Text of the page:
Katie Logue,
Senior, Mechanical Engineering

Athens, OH 4 April 2016

With graduation just around the corner, I really can’t believe how quickly my senior year has gone by. There are so many things left to do, but I know the next four weeks will be over in the blink of an eye.

This past weekend, my senior design class presented our final projects to other students, faculty, mentors, parents, and members of the community. We call it Demo Day, and it’s the culmination of all the hard work, blood, sweat, and tears we’ve put into our projects over the past two semesters.

I may be a little biased, but I think our team’s demonstration and presentation went perfectly. Our booth was a big hit with the attendees. Our project was to create a custom tricycle for a five-year-old girl named Fiona, who has agenesis of the corpus callosum. This condition affects the ability of the two hemispheres of her brain to communicate with each other. Due to this condition, Fiona needs physical therapy to improve her strength, coordination, and motor skills. The tricycle we created for her can be used independently for therapy, and it can also be attached to her mother’s bike so that the entire family can ride together on the bike path.

ALT

Our Demo Day booth, with our actual project setup, tri-fold board displaying our needs statement and project pictures, and laptops with a slideshow of photos, and before and after videos of Fiona riding her old trike and her new trike.

We were so grateful that Fiona and her family could join us on Demo Day. Fiona is such an adorable, happy little girl, and she absolutely loves her new trike. She kept asking members of our group to take her for a ride around the building.

After about half an hour of pulling Fiona around, we proceeded to the auditorium to present our project. I was fortunate to have the responsibility of presenting for our team. When I flipped to a slide with a picture of Fiona’s trike, she got so excited, pointing and laughing. I had to pause my presentation to let the laughter of the audience die down.

Then, I asked her father to say a few words about what the project means to their family, and there wasn’t a dry eye in the room. This project has been so rewarding, and Saturday was the perfect way to wrap it all up. It was incredibly cool to be able to share this experience with so many people.

Senior Design group

Group photo of our team on Demo Day with Fiona, her brother Griffin, and parents Megan and Lenny.

Now that Demo Day is over, it’s like we’re finally able to see the light at the end of the tunnel, and it’s unbelievably bittersweet. As excited as I am for the past four years of school and one year of co-op work to pay off, I know I’ll miss this school very much.

Athens will always be home to me, and I wouldn’t trade being a bobcat for the world. Every late night studying for finals, every frustrating assignment I had to do, and every paper I had to bribe myself with coffee to finish was worth it. I feel like I’ve made the most of my time here, but part of me wishes I had more time.

I think as I look back, I’m realizing that it’s the people I’ve met here that mean the most. I’ve met some of my very best friends over the past five years, and I’m so grateful I was given the opportunity to be a part of the Russ College community.

Lifelong Learning as an Engineer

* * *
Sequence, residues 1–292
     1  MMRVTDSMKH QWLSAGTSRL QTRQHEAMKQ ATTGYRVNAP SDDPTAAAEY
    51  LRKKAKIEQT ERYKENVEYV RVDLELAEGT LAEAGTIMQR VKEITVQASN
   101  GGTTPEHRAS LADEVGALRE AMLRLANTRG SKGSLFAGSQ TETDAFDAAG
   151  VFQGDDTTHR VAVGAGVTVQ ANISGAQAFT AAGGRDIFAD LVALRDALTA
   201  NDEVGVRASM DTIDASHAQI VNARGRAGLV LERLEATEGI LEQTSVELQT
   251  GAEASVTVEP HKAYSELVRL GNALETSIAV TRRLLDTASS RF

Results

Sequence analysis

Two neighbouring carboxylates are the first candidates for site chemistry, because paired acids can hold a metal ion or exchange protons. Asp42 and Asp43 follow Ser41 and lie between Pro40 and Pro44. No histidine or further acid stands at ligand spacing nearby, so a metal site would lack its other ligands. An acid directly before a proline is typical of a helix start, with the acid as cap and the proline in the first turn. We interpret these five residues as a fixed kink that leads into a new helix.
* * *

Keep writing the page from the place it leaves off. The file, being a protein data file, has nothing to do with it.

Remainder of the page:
Ali McCormick

Ali McCormick,
Senior, Electrical Engineering

Athens, OH 29 March 2016

With my decision to further my education after I graduate from Ohio University, came the thought on the importance of lifelong learning. And while lifelong learning is important for all people, I thought specifically about why it is imperative for engineers.

The world around engineers is ever changing. The beginning of engineering culture had an expectancy that engineers could dive into a specific area and remain there for as long as they desired. As technological advances accelerate, engineers are required to switch jobs more often. As a student at Ohio University, I have learned that the key to success lies in a solid foundation with a constant desire to build and apply. Specifically, in senior design, we focused on the engineering process.

Through change, the process stays the same but we must mold it to apply it properly to new situations. In the process of doing so, we are learning about the new and build this onto our foundation.

Through Ohio University, I have learned that in order to be successful, you must introduce yourself to new things often and apply them to the old. I have learned to never be afraid of the unknown, as the unknown often holds the key to professional and personal enhancement.

It’s said that the higher you reach, the harder you may fall. And of course you can never reach so that you never fall, but the reward for that is nonexistent. Change is imperative for self-improvement. A person must constantly evolve with the ever-changing world around her, otherwise she may inhibit her own success.

One Month to Go

Chris Delwiche

Chris Delwiche,
Senior, Engineering Technology and Management

Athens, OH 27 March 2016
In August it was “one more year” now at the end of March its “one more month”. I never expected college to go by this quickly. Ever since pre-school, it’s been the familiar cycle of school, summer, school, etc. But not this time. This time I will finally be entering the working world as my formal education comes to a close.

College went by as quickly as everyone told me it would. My freshman year and days of living in the dorms are now nostalgic memories, campus has changed geographically since I first got here in 2011 with the addition of new dorms and sports facilities. Boyd Dining Hall has gone from the place you ate because you were desperate and lived on West Green to the most impressive dining hall on campus.

Everything I was told to expect was true. You will meet some of your best friends, you will learn more in these 4 (or more) years of your life than ever before, you will learn about yourself, and you will work harder than you have before.

My advice to any nervous incoming freshman would be to try and relax as much as possible. You will make those new friends, you will figure out what you need to do to succeed, you will make your own memories, and you will leave here a better person than you came here as. But for you and me, take a minute every now and then to appreciate the position you’re in. Because your college years are the quickest years of your life😉.